'Nina' director finally explains why Zoe Saldana was cast

Luther Vandross was outed as gay after his death.

Director Cynthia Mort‘s biopic “Nina” has been dragged every way possible and it hasn’t even hit theaters.  What started as a dream to honor Mort’s musical idol Nina Simone turned into a PR nightmare after she cast Zoe Saldana in the lead role.

Mort, who actually met Nina Simone once before, explained her choice in a new in-depth interview with Buzzfeed, calling it a “creative decision,” though she acknowledged the role that finances played in the decision as well.

“Certainly I would not have cast Zoe if I felt she was wrong for the role in a million years. Zoe’s amazing. She’s amazing in the movie,” Mort said. “She gave her all. She’s honest, she’s courageous, she’s fierce.”

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She then added, “However, long before I met Zoe, there were other people considered who were not acceptable to financiers.”

Mort says in order to get funding the movie needed a star power boost and that Hollywood diversity is lacking.  “Go to those people,” Mort said about financiers and studio executives. “Take a look at their lists. And find out how many black actresses are on their lists. Or how many women of a certain age are on those lists. Or how many women who look a certain way are on their lists. It’s really informative.”

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Mort describes herself as a “radical feminist” who was angered by the extreme backlash over race in casting.  “It pisses me off on that level,” Mort continued. “As a creative person, is it important? Yes. But also what’s important is to find a way to tell the truth in a narrative film. It’s not a documentary. You can go online and see 225 videos of Nina Simone, and everybody should. But that’s not what this is.”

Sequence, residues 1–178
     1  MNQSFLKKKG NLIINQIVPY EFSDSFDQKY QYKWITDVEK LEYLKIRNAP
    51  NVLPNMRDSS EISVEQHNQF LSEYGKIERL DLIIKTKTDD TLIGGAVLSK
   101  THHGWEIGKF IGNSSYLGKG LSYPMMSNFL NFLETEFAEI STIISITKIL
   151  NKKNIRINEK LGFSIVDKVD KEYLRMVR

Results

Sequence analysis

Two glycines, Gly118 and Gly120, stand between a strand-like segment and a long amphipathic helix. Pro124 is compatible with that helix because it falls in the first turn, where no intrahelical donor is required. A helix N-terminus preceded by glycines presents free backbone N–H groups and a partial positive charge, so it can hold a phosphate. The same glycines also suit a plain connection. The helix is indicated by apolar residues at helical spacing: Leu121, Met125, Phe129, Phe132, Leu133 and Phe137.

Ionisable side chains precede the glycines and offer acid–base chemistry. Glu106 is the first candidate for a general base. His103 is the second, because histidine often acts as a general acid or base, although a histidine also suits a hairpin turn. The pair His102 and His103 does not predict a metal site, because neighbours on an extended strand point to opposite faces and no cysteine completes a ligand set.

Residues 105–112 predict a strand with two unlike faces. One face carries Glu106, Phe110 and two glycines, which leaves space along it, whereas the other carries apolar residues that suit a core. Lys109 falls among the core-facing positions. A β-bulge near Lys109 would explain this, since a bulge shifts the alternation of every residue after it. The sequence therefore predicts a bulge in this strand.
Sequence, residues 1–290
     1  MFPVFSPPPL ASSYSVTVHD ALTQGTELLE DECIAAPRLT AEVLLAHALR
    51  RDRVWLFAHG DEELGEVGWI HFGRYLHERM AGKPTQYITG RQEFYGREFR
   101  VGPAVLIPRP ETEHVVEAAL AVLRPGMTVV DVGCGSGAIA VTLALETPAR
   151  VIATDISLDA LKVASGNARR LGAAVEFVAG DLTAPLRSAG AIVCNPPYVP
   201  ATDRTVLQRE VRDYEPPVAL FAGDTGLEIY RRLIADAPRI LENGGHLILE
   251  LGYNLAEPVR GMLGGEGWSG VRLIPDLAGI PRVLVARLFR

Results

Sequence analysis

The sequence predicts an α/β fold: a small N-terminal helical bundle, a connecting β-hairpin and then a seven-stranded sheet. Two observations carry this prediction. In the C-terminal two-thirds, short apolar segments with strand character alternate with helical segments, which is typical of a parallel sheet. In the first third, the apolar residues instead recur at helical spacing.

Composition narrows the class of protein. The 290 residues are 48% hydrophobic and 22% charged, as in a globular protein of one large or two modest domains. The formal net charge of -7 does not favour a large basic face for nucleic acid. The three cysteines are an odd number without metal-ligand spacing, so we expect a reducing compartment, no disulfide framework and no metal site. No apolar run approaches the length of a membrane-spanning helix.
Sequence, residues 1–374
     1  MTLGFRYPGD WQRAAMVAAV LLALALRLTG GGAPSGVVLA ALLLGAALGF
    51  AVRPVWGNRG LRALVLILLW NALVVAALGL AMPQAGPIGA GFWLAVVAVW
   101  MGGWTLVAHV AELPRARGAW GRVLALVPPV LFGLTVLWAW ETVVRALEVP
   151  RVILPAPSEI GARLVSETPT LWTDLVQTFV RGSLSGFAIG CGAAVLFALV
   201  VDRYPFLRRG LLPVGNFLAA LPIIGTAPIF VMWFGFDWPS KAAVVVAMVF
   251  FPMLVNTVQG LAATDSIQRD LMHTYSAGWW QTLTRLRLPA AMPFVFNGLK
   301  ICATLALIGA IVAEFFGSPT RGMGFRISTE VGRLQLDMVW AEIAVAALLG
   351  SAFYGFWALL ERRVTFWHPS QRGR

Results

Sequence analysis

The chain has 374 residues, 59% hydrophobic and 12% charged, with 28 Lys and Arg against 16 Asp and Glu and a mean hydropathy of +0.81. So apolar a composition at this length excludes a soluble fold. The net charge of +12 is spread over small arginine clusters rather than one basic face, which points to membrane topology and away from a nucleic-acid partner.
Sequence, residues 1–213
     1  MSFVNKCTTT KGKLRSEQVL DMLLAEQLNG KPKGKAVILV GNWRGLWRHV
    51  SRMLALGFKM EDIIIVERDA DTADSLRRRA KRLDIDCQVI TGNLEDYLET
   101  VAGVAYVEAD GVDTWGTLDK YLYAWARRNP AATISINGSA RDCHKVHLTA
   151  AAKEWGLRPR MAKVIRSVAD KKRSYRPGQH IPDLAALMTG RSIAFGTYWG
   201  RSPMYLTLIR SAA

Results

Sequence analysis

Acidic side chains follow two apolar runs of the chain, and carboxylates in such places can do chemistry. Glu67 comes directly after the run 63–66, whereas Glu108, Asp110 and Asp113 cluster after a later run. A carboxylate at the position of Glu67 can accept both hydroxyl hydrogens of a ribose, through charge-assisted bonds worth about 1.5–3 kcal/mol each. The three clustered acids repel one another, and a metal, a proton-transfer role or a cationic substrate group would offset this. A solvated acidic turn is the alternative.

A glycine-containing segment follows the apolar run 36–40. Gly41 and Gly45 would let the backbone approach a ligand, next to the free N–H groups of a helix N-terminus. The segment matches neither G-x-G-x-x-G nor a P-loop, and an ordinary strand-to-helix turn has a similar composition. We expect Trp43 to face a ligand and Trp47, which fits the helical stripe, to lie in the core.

In explaining why Saldana’s skin and face was altered to play the role, Mort said it was no different than other movies. “… Just as Nicole Kidman put on Virginia Woolf’s nose, or Leo did his J. Edgar Hoover makeup.” She continued: “I understand the issue of race. And color is a sensitive issue. But at the same time, it is a movie. And it is an actor. And everyone is doing their best to find the truth in that.”

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However Barnaby Thompson, a “Nina” producer has been adamant that the decision was not as dictated by finances as people seemed to think.

“There is a narrative that seems to be running in some of the coverage of the film, which is suggesting that we were making decisions driven by commercial reasons. And I think it should be very clear that this is a low-budget indie movie. The budget was just over $7 million,” Thompson said.

Mort disagrees with Barnaby and had such a falling out with the production company over creative differences, that at one point she didn’t want her name on the film  Looking back she says the business of it all kept her from having as much power as she wanted in the process.

“…Right now, the movie business is concerned with one color, and that’s green.”